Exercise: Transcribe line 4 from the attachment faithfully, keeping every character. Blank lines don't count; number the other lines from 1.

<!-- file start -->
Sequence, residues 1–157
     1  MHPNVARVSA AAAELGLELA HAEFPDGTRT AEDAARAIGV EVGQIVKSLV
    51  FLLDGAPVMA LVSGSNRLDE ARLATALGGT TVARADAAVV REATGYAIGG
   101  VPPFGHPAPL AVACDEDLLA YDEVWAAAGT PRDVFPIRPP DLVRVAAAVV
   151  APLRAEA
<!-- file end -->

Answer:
   101  VPPFGHPAPL AVACDEDLLA YDEVWAAAGT PRDVFPIRPP DLVRVAAAVV